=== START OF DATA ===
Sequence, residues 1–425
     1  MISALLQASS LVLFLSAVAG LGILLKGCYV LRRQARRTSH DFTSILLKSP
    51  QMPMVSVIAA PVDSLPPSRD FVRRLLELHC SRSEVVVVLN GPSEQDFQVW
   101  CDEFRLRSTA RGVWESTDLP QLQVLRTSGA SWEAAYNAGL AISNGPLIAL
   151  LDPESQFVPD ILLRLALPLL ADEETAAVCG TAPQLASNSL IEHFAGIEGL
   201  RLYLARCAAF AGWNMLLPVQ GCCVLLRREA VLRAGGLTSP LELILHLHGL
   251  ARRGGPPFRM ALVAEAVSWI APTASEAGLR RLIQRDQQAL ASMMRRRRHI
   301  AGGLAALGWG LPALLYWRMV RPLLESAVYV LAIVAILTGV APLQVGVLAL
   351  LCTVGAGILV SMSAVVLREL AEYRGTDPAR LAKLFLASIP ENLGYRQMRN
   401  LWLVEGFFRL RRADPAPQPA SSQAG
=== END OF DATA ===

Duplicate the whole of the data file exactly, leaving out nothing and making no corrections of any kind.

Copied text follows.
Sequence, residues 1–425
     1  MISALLQASS LVLFLSAVAG LGILLKGCYV LRRQARRTSH DFTSILLKSP
    51  QMPMVSVIAA PVDSLPPSRD FVRRLLELHC SRSEVVVVLN GPSEQDFQVW
   101  CDEFRLRSTA RGVWESTDLP QLQVLRTSGA SWEAAYNAGL AISNGPLIAL
   151  LDPESQFVPD ILLRLALPLL ADEETAAVCG TAPQLASNSL IEHFAGIEGL
   201  RLYLARCAAF AGWNMLLPVQ GCCVLLRREA VLRAGGLTSP LELILHLHGL
   251  ARRGGPPFRM ALVAEAVSWI APTASEAGLR RLIQRDQQAL ASMMRRRRHI
   301  AGGLAALGWG LPALLYWRMV RPLLESAVYV LAIVAILTGV APLQVGVLAL
   351  LCTVGAGILV SMSAVVLREL AEYRGTDPAR LAKLFLASIP ENLGYRQMRN
   401  LWLVEGFFRL RRADPAPQPA SSQAG